How like unto a summer’s day my love…, he thought, pondering the fact that plums were a summer fruit and a purple one at that. By the time the lift jerked to a halt, the warrior-playwright’s mind was toying with words that rhymed with “plum” while balking at the far easier rhymes for “prune.”
The lift, which was a short-cut up from the navy pier, left them a few cliff terraces below their destination, so the last part of their journey was completed in an ornate, luxurious, open-topped carriage drawn by five matching piebald goats and driven by a young marine cadet who stared openly at Y’lanna until he remembered himself with a look of panic and quickly focused on his job. To the click-click-click of cloven hooves on the stone paving, they passed along tight, zig-zag lanes lined with the roundish, tower-like houses of Plesz. In this neighborhood, they were all embassies and the homes and offices of dignitaries both foreign and domestic. The sun’s light blazed off the gleaming white walls, made brighter by the inclusion of ground shells and mother of pearl in the plaster. The sun’s heat filled the air with the perfume of the citrus trees that adorned the street, the yellow and orange fruits heavy under the dark green leaves.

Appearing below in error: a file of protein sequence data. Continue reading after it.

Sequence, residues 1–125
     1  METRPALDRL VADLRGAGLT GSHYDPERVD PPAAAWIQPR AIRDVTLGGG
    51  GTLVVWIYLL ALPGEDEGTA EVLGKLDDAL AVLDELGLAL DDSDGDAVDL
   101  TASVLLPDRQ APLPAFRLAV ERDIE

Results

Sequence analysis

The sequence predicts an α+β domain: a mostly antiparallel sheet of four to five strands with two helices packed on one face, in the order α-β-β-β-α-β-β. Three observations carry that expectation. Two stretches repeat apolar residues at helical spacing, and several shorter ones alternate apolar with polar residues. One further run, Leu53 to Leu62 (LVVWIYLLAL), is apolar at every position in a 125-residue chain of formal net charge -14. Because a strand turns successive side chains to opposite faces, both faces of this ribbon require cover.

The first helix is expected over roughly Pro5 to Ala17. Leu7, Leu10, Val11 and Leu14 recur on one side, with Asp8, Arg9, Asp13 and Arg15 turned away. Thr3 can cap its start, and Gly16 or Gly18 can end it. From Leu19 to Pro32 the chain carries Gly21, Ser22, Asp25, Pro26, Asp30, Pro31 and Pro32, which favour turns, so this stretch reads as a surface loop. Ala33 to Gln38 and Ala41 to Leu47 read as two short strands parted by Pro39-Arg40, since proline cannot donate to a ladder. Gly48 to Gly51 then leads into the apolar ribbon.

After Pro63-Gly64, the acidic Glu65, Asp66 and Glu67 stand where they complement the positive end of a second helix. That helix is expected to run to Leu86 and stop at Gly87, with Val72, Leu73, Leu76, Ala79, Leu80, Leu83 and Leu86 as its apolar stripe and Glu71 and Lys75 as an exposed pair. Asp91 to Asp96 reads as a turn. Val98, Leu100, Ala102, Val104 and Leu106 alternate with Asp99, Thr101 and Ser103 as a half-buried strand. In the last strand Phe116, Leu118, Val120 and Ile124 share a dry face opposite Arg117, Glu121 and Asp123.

Ruili watched Y’lanna as they rode. Her responses to the sights around her intrigued him, but he politely made less of a show of it than the scholars had on board the Wolf. He was happy to pass the last leg of their journey by explaining this or that to her as they went along, answering whatever questions she might come up with, but without prying into her thoughts or past. He expected she would get more than enough of that over time. No need for him to be the first in line.
The massive edifice of the Citadel of Grippio at last loomed before them, and the main gate of iron wrought into the form of twisting kraken tentacles spread open. Guards fell in step, running alongside the goat carriage to clear the path of tourists and petitioners and others with business here as they entered the first courtyard and pulled to a stop before a fountain of dolphins spraying water up to the sky. All the many-arched galleries surrounding them looked the same, but Ruili, with an extended hand and a gentle, “Come along, Milady,” led Y’lanna unhesitatingly into a building of black and white marble, along tall, airy corridors, up broad stairs, along more corridors, being saluted by guards and bowed to by civilian officials all the way.
It all finally ended at a pair of gigantic doors, before which stood a dark-faced, dark-haired woman in a suit of flower-embroidered, pink silk. In many, subtle ways, she seemed Ruili’s equal, including fashion. In the garments and general silhouette, her attire was nearly identical to a man’s suit, but where Ruili’s masculine britches were cut to accentuate the lines of his legs and hips, the woman’s vest was shaped and boned to highlight the slender waist under the open coat and the ample bosom presented high and soft, under a necklace of brown pearls. Thus were the tastes of elven society underscored.